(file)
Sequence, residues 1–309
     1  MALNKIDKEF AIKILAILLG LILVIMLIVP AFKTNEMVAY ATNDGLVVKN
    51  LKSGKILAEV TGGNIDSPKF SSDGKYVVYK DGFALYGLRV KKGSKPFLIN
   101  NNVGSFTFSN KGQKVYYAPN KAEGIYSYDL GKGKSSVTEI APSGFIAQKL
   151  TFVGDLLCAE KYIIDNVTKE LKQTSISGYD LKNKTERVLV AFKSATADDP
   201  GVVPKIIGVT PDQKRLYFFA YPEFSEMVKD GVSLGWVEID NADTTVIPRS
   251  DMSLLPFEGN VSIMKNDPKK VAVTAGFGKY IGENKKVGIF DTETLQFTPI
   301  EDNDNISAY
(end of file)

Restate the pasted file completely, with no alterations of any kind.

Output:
Sequence, residues 1–309
     1  MALNKIDKEF AIKILAILLG LILVIMLIVP AFKTNEMVAY ATNDGLVVKN
    51  LKSGKILAEV TGGNIDSPKF SSDGKYVVYK DGFALYGLRV KKGSKPFLIN
   101  NNVGSFTFSN KGQKVYYAPN KAEGIYSYDL GKGKSSVTEI APSGFIAQKL
   151  TFVGDLLCAE KYIIDNVTKE LKQTSISGYD LKNKTERVLV AFKSATADDP
   201  GVVPKIIGVT PDQKRLYFFA YPEFSEMVKD GVSLGWVEID NADTTVIPRS
   251  DMSLLPFEGN VSIMKNDPKK VAVTAGFGKY IGENKKVGIF DTETLQFTPI
   301  EDNDNISAY